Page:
With its copious notes and sources, Julia Flynn Siler’s The House of Mondavi: The Rise and Fall of an American Wine Dynasty is as densely detailed as McCoy’s tome, but it has one advantage: a larger and much more charismatic cast of characters. The Mondavis believe in blood (in both the familial and revenge sense), and it is the primacy of family that brings about and destroys their
empire.

Robert Mondavi is the eldest son of Italian immigrants Cesare and Rosa Mondavi, who eventually settled in California’s San Joaquin Valley where Cesare ran a grape and fruit wholesale business. Unlike Parker’s upbringing, wine was a part of the Mondavi family’s daily life, and while it was Cesare who first realized that a market for better wines would open up after Prohibition, it was Robert, while working in Napa Valley with a winery called Sunny St. Helena, who learned of the sale of the deteriorating Charles Krug winery, one of the valley’s oldest. In a sign of his future entrepreneurial spirit, he proposed to his father that the family buy it; in a sign of her behind-the-scenes power, it was Rosa who convinced the reluctant patriarch to pursue the idea.

In the breakup of later years (a fur coat famously figures in the fracas), and with Cesare now departed, Rosa sided with her younger son Peter, forcing Robert out of the now burgeoning business and leading to decades of animosity. But the split also led to Robert’s decision, at age 52, to build his own winery — not just for himself but for his eldest son, Michael. The Krug-Mondavi dynasty may have been sundered, but it would rise again in different form. That Robert’s younger son, Timothy, wasn’t part of Robert’s plans at the time was not without its portent.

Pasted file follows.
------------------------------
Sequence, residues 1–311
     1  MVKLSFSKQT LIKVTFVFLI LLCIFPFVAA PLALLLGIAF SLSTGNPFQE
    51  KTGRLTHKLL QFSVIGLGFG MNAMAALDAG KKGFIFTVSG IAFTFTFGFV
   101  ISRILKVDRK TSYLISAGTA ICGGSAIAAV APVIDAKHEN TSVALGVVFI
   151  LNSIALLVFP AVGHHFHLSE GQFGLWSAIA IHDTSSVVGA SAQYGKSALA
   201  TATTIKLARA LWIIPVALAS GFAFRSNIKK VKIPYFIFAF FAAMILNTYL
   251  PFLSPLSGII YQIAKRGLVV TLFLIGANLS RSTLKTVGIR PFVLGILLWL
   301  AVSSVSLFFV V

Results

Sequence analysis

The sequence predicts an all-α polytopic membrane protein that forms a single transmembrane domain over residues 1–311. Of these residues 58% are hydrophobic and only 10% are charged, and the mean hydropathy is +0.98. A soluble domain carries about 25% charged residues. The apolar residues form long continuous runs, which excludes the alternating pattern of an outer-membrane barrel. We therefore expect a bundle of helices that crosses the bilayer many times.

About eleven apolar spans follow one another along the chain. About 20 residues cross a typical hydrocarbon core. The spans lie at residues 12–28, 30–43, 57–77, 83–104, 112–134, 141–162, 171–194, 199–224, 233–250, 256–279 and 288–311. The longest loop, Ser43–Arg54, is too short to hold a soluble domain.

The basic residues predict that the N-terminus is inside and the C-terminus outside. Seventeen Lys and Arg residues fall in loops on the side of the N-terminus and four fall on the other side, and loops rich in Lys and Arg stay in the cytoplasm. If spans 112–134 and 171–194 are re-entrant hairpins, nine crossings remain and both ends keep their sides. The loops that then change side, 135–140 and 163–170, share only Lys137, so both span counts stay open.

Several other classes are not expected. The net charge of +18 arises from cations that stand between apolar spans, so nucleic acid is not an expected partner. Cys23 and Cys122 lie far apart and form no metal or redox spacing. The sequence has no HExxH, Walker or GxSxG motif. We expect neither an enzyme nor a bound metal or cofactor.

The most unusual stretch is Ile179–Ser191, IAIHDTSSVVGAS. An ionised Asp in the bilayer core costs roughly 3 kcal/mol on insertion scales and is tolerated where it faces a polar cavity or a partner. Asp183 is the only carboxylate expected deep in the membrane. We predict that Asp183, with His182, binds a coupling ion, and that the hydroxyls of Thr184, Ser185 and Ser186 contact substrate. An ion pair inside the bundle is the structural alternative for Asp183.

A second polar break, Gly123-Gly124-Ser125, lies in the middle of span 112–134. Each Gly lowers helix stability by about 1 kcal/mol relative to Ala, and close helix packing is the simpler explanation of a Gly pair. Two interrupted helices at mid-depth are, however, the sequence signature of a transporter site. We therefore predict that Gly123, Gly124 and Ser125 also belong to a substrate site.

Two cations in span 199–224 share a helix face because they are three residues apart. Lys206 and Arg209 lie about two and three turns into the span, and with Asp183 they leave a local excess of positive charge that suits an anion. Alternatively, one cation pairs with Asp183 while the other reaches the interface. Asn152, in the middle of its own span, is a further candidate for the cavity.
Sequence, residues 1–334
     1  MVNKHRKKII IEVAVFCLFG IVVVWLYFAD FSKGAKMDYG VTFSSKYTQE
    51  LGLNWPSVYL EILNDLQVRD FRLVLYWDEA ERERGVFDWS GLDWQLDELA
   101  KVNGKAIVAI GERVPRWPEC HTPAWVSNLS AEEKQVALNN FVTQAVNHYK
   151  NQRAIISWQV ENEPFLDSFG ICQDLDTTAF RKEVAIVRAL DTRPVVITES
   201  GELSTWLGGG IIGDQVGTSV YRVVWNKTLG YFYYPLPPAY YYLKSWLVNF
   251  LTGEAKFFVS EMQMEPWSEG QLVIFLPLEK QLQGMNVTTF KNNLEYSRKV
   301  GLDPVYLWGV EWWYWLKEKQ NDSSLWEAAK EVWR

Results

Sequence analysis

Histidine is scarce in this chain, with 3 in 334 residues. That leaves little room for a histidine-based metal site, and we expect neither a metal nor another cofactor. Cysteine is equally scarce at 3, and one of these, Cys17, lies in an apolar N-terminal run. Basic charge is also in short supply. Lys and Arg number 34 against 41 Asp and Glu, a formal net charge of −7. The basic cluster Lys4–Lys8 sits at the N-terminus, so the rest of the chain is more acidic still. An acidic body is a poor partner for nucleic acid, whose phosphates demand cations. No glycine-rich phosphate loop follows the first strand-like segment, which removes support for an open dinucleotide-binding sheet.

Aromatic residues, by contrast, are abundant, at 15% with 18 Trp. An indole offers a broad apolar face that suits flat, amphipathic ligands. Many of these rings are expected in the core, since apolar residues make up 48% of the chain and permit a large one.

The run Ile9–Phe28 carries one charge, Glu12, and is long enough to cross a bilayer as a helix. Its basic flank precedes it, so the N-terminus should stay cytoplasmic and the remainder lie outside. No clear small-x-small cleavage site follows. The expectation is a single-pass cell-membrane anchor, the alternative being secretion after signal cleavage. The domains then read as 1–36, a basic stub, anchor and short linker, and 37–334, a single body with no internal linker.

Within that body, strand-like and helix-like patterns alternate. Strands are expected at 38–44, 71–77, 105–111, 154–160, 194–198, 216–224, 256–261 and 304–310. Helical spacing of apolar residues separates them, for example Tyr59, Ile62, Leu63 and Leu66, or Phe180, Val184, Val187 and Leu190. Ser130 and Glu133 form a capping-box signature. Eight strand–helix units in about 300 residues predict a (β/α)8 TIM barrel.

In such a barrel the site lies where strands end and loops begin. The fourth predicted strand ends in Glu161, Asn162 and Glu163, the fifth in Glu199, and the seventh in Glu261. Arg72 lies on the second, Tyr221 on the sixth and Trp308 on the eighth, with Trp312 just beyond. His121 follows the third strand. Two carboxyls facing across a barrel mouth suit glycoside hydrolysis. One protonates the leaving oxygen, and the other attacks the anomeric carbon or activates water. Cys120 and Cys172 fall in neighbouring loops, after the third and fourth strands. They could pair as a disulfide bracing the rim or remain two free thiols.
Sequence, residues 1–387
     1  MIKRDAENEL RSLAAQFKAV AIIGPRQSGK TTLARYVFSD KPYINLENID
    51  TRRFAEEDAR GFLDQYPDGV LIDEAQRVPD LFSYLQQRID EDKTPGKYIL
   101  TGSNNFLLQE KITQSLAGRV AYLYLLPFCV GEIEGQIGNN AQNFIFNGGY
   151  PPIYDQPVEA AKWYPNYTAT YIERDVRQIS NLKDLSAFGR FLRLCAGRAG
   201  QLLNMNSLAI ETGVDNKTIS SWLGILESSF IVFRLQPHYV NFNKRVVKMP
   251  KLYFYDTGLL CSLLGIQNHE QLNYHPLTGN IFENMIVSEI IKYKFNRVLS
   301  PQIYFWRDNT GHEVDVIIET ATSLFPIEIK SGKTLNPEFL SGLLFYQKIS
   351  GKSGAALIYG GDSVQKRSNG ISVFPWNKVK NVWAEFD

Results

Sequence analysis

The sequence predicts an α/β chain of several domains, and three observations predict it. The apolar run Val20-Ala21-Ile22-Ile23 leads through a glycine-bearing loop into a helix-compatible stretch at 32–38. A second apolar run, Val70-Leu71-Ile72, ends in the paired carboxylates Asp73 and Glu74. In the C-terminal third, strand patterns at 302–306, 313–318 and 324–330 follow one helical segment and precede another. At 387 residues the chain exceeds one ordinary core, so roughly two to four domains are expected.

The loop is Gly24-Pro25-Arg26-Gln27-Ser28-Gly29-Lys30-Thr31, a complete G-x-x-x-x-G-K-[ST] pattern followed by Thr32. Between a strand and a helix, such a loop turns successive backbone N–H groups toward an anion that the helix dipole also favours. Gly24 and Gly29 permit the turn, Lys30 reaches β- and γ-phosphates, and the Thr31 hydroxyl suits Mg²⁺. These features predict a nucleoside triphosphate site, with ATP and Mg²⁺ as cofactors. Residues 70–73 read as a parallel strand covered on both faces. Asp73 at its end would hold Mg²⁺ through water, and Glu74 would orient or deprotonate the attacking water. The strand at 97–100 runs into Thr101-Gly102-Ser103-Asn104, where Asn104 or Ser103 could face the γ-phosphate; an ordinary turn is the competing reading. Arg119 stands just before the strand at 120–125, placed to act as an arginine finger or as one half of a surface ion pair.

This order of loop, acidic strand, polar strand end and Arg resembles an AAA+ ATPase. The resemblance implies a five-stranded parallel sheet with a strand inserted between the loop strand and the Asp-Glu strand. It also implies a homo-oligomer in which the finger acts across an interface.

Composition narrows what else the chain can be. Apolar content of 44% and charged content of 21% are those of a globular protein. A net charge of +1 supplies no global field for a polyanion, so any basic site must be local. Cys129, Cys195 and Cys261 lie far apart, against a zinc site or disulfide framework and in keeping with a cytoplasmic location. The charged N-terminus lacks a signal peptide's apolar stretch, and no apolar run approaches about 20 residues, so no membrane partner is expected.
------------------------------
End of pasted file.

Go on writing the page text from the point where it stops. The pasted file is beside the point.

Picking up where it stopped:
Strapped for cash after the coup, Mondavi borrowed massively to buy the part of the famous To Kalon vineyard in Napa his family didn’t already own and to build an estate-style winery inspired by trips to France. Siler carefully covers the Robert Mondavi Winery’s struggling early years, its rise to prominence on the American wine scene, and its eventual alliance with France’s Rothschild family to produce Opus One. Along the way, she dissects the personalities of all the players: regal Robert with his fierce loyalty to family and to the charitable causes that finally helped lay low the empire; outgoing Michael with his expansionist ideas (which even extended to a Disneyland fiasco); and poetic Timothy, the idealistic winemaker with a wandering eye for women. And in producing this inspirational/cautionary tale, she’s another wall-fly in the witnessing of the epic struggles between family members that were responsible first for taking the company public, then for its inevitable sale.

After reading Siler’s more-mature rendition of Falcon Crest, you will inevitably think of Mondavi the next time you pick up a California wine under any label; for all its flaws, the family helped make the industry’s success possible. And even without reading McCoy’s compelling chronicle, though you should, it is impossible to escape Parker and his Wine Advocate scores; many shops and internet operations sell on this basis almost alone. Two names, a world of wine transformed.